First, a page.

Hello, Tau Prolog!

Imagine an internet where you didn't need to write JavaScript...

Imagine an internet where you could write Prolog...

Imagine no more, write Tau Prolog!

At PrologHub we're big fans of Tau Prolog, it provides all the interactive Prolog code on this website, so we thought we'd do a quick introduction.

Tau Prolog is a Prolog interpreter written in JavaScript. This means you can write a total of 6 lines of pure boiler-plate JavaScript, of which 2 are for debugging during development, and do all the usual "stuff" in Prolog instead!

Let's make three "Hello, world" applications that are typical in JavaScript tutorials, using alert, console.log and by manipulating the DOM.

An index.html Template

Here's a HTML template you can use as a template for all these programs, and others. Besides setting up the DOM, it also contains the boiler-plate JavaScript for calling an init predicate in your Prolog. You can find out more about this boiler-plate in the Tau-Prolog Simple Tutorial.

You'll also need to download tau-prolog.js, in this template it's stored in the same root directory.

If you need a quick server, here's one in SWI-Prolog that'll get you up and running, query it with swipl -g serve -s server.pl then navigate to localhost:8888:

Right, now we can make some "Hello, Tau-Prolog!" programs.

alert("Hello, Tau Prolog!")

For this we want to access the JavaScript property called alert, which turns out to be a function. We can then apply this function to a list of arguments, we don't care about what it returns. We're accessing JavaScript here, so we'll need that library. The docs for library(js) are here. So our code.pl in our template becomes:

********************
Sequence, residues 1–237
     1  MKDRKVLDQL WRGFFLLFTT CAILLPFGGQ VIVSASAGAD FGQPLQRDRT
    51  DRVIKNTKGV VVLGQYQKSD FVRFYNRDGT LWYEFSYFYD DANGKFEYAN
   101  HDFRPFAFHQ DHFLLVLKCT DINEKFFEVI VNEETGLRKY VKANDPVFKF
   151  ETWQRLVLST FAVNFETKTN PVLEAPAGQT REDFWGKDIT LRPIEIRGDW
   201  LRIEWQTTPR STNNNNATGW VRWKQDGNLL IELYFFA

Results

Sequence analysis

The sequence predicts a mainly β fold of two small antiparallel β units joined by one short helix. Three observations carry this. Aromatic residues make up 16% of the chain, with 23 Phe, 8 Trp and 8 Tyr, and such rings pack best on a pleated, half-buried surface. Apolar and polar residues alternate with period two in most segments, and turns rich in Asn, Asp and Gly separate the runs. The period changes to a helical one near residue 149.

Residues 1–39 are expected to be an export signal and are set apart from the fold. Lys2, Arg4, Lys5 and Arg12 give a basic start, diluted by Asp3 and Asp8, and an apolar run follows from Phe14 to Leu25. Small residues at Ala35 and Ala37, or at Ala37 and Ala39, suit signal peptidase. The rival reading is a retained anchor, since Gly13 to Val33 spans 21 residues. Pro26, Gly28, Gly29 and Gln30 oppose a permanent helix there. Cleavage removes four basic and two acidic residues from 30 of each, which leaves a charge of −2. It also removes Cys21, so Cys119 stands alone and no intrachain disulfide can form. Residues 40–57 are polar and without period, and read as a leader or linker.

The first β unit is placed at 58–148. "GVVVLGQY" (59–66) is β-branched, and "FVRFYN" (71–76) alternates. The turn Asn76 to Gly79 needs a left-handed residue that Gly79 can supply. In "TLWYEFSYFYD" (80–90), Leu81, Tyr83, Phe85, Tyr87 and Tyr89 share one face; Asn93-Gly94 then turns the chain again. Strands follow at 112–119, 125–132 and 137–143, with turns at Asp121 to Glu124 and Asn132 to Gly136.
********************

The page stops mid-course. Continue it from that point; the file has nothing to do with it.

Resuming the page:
And because we're running Tau Prolog, you can try it here too!


console.log("Hello, Tau Prolog!")

Using console.log is a little more involved because log is a method of console. It's a similar idea, there's some property called console, which turns out to be an object, there's also a property of this object called log, which turns out to be a function. Once we've got that function, we can apply it again.

Again we can query this here, but you'll need to open your console to see the results. How you open the console varies from browser to platform, but try F12 before searching if you're unfamiliar.


Manipulating the DOM

Now we're getting to the more serious work. We're going to need library(dom), the docs for which are here. To do this we'll need to create a whole new HTML element and we'll make it a child element of <div id="greet_answers">. So that you can run it here and it look quite pretty, we also add a couple of classes.

Now if you query it here you'll get an extra "Hello, Tau Prolog!" answer along with the usual true ; false. answer. We made it blue to show it's not a usual successful or false answer.



This is only a "Hello, world!", there's much more goodness to discover! The great thing about Tau Prolog is it all runs client-side, so queries won't hog your server computing power, nor do you need to ensure predicates are safe on your server as you can do all of your reasoning without ever touching the server. Have fun!